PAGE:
Scammers steal $4.4 million

The Australian Competition and Consumer Commission has warned about a new kind of scammer. These scammers catch out people by impersonating well-known businesses or the police so they can get access to computers and steal money or banking information.

And the number of scams is rising.

The ACCC’s Scamwatch website has recorded a significant spike in remote access scams, with more than 8000 reports recorded in 2018 so far and losses totalling $4.4 million.

The scammers impersonate a well-known company, most commonly Telstra, NBN or Microsoft, or even the police. They then spin a very credible and believable story about why they need to access your computer using software such as TeamViewer.

They claim they are tracking the ‘scammers’ or ‘hackers’, and tell the consumer that their computer has been compromised and is being used to send scam messages. This is where they say with the victim’s help, they can use the victim’s computer and online banking to trap the (fake) ‘scammer’.

“The spike in remote access scams is very concerning; losses so far in 2018 have already surpassed those for the whole of 2017, and sadly it is older Australians that are losing the most money,” ACCC Deputy Chair Delia Rickard said.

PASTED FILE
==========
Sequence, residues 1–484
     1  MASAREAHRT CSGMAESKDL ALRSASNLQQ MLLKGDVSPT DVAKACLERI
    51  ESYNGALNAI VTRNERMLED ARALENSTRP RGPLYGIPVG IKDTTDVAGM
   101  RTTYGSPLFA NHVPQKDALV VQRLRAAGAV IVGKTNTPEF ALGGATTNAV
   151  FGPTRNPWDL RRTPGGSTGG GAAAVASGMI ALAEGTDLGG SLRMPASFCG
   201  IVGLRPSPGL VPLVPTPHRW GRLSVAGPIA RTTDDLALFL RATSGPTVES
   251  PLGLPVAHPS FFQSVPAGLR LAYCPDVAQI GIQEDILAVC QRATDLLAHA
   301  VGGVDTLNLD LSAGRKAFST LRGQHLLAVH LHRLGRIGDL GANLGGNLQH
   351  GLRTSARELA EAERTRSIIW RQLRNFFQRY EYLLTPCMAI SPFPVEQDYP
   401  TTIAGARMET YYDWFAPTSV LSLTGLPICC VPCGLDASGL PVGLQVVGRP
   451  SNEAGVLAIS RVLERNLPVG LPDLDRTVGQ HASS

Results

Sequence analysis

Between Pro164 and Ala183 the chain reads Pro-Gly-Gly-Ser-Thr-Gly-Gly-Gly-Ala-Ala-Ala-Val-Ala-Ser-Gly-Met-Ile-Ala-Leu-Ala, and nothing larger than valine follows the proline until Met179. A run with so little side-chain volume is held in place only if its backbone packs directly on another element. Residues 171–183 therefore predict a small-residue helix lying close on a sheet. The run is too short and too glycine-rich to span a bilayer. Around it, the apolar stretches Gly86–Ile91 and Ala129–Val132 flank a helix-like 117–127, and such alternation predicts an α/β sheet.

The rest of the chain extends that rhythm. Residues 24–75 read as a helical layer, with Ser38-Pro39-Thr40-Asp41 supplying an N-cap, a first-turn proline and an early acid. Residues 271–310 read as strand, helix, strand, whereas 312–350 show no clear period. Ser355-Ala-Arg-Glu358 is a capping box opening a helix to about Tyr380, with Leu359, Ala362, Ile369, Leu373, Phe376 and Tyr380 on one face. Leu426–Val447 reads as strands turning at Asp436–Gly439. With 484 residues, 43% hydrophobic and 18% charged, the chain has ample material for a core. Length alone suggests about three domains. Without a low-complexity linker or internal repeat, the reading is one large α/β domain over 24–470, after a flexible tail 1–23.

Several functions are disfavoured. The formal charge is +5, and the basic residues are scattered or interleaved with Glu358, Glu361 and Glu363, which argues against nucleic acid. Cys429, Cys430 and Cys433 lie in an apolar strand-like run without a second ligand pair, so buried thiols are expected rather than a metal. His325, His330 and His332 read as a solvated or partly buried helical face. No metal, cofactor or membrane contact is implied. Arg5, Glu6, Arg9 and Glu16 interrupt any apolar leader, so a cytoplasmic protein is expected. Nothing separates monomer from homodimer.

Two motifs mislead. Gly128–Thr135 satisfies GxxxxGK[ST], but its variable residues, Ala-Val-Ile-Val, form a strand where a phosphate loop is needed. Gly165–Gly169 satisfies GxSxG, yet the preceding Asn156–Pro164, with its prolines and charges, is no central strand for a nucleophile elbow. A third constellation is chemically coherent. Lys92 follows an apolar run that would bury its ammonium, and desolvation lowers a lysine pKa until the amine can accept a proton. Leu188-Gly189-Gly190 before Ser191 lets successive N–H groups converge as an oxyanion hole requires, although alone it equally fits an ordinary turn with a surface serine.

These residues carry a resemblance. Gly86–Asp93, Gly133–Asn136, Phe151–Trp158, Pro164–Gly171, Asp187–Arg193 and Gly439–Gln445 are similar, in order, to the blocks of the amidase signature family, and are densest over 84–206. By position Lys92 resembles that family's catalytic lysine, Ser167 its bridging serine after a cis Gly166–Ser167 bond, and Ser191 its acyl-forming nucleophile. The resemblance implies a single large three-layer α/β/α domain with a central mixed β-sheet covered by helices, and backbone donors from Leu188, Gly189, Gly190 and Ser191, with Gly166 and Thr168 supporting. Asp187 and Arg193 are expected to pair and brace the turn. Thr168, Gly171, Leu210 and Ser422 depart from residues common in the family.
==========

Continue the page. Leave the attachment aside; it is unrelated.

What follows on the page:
“The scammers are becoming more sophisticated. The old trick scammers used to use was to call people and say there was a virus on their computer that needed fixing but, in a new twist, scammers are now telling people they need their help to catch hackers.”

 



An award winning author and journalist, commentator, lecturer, and speaker, Leon is a freelance business journalist who covers a range of areas including politics, strategy, globalization, leadership and all the big trends ahead. His main skill is summing up all the news that’s around. For the last 30 years, his main focus has been on management issues. He also produces two podcasts for RMIT University, Talking Business and Talking Technology. Leon has worked for Fairfax, News Limited, AAP and the Herald and Weekly Times.


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